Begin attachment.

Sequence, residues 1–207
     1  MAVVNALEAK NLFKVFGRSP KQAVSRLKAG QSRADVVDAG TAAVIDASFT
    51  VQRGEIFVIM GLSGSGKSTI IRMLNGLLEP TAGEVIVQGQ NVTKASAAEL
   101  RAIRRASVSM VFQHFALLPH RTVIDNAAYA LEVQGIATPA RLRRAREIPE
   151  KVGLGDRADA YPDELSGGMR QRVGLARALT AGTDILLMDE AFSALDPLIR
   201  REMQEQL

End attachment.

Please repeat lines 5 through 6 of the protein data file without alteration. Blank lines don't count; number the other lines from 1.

   151  KVGLGDRADA YPDELSGGMR QRVGLARALT AGTDILLMDE AFSALDPLIR
   201  REMQEQL